Yesterday, I wrote a column contrasting the attitude towards ‘content’ displayed by old and new media. My conclusion was that, in the Internet world, quality, originality and exclusivity are fast becoming irrelevant. Instead, online publications increasingly treat content as low-paid, illiterate swill, commissioned by the ton to provide SEO ad inventory.
To show that the phenomenon wasn’t limited to online-only brands, I gave the example of Forbes.com – with its mish-mash of celebrity slideshows and tacky lists of ‘Americas best paying blue-collar jobs’ and ‘hottest summer convertibles’. Since the column was posted, I’ve spoken to a number of former and current Forbes employees who (off the record, naturally) have expressed agreement with my criticisms. Forbes’ obsession with page views at all costs (or, rather, no cost) is just plain embarrassing.
But clearly the company have taken my criticism to heart: earlier today Paul Maidment, chief editor of Forbes.com, tendered his resignation, while new ‘chief product officer’ Lewis Dvorkin called an on-the-record meeting to announce a bold new online strategy for the company. Prior to joining Forbes, Dvorkin was founder and CEO of crowdsourced news site, True/Slant, which was acquired by Forbes back in May. And, what’s his bold plan to improve the journalistic standards of one of the world’s most respected business publications?
That Forbes.com will soon be opening its doors to 1000s of unpaid contributors and that [rather than commissioning quality in-house journalism] “Forbes editors will increasingly become curators of talent”.
There are almost not enough words to describe how wrong-headed this move is: Forbes’ online editorial standards are already in the toilet and Dvorkin has just yanked on the flush. Not only will this new breed of hacks add thousands of pages of self-promotional, unedited (Forbes simply doesn’t have the resources to monitor thousands of contributors) drivel to Forbes.com but, by lowering the barrier to entry to anyone with a keyboard, the publication will also scare away those top tier contributors – captains of industry, statesmen and the like – who are prepared to pen a free article for Forbes just for the kudos that comes from being asked.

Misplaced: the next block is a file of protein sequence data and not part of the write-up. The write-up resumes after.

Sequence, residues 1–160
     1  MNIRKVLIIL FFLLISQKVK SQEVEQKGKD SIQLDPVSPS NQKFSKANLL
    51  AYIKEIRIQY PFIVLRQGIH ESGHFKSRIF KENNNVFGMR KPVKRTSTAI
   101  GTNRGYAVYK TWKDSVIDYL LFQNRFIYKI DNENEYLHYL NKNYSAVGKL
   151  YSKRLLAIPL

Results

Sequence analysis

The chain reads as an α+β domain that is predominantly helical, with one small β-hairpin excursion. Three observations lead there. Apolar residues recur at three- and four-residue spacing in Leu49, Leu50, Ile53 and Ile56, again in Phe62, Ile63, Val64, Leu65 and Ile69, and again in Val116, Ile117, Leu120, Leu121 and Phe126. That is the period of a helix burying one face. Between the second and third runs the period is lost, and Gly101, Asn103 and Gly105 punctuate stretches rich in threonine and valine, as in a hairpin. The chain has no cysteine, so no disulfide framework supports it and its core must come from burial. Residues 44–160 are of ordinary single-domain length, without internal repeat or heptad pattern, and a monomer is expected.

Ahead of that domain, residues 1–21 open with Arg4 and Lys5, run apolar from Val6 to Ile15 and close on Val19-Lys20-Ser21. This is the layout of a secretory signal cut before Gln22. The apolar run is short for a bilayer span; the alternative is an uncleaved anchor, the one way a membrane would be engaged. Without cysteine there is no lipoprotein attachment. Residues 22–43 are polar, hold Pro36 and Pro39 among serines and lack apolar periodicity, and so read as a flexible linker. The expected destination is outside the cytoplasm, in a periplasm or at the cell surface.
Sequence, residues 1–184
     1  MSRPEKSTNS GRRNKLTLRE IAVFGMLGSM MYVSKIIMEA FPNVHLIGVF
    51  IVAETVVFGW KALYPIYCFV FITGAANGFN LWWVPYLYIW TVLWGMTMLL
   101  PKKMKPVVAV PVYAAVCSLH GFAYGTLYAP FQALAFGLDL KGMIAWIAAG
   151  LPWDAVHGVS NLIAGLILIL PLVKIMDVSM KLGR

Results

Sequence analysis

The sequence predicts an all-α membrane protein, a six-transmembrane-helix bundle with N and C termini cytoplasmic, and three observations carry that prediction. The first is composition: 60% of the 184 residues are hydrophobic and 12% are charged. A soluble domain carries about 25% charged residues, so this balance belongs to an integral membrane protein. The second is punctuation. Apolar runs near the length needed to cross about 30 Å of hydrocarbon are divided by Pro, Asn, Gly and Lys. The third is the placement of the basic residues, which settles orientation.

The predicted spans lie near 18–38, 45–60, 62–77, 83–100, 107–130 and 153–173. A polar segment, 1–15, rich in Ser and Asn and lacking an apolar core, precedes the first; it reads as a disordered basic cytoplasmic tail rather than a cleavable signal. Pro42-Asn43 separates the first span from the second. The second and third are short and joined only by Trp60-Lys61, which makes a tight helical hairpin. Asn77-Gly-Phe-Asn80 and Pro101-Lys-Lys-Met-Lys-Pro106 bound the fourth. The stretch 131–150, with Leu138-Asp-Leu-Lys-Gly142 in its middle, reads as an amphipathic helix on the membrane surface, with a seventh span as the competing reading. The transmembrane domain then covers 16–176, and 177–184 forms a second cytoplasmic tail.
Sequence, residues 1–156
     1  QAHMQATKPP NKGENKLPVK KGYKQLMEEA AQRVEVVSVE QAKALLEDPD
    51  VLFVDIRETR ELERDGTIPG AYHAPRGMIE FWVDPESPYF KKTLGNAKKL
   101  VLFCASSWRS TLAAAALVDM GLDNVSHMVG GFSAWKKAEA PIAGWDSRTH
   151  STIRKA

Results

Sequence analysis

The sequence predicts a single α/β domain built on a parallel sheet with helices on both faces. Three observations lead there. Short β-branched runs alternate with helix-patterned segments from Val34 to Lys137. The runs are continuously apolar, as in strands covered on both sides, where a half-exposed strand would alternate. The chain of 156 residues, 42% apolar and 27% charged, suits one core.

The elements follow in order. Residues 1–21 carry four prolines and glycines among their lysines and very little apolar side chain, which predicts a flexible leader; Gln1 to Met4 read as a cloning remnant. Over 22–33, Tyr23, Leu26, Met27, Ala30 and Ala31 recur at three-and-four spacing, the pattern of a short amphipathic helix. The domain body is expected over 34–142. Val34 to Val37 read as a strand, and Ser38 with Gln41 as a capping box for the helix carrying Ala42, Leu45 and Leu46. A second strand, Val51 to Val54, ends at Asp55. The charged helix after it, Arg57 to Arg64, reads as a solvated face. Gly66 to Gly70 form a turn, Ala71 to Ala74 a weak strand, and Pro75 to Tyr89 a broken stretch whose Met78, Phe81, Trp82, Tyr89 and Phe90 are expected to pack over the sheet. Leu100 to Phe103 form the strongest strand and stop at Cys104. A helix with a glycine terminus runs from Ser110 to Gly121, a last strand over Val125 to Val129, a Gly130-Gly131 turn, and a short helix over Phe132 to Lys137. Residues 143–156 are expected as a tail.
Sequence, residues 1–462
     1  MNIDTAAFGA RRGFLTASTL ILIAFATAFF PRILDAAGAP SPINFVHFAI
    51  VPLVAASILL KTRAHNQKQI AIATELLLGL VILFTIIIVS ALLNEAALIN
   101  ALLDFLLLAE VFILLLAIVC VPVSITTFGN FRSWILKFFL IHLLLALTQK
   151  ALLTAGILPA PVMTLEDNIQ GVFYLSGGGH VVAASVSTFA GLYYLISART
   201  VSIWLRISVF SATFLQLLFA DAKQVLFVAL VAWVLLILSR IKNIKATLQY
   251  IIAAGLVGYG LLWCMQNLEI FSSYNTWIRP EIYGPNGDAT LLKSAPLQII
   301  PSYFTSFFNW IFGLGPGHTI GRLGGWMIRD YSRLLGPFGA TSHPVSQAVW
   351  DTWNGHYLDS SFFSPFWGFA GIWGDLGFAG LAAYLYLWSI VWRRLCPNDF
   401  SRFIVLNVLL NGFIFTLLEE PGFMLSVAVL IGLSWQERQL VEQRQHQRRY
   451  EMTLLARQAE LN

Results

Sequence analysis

I vented my frustrations on Twitter to Forbes editor David M. Ewalt, who live-tweeted the meeting (and gave the “curators of talent” quote above). Loyal company man to the last, Ewalt defended his boss’ lunacy and pointed out that he “never said [the contributors] would be unpaid.”
Sure. Forbes, which is already so desperate for ad revenue that it has to run slideshows ofsupermodels who have started their own businesses, are going to pay the “thousands” of news contributors that Dvorkin announced, and Ewalt retweeted? No – they’ll do what the Huffington Post does: pay a meager stipend to a tiny percentage top traffic drivers to save face, and then expect the rest to work “for the exposure”. As the old saying goes, people die from exposure – but in this case, it might just be the whole publication that’s not long for this world.
Ewalt’s response: “In theory, the idea of a large body of writers rewarded for good work is a great thing. I’m not against decentralizing journalism… but I think we can both agree the execution of that theory is a very tricky business.”
Tricky, like turning horseshit into gold is tricky.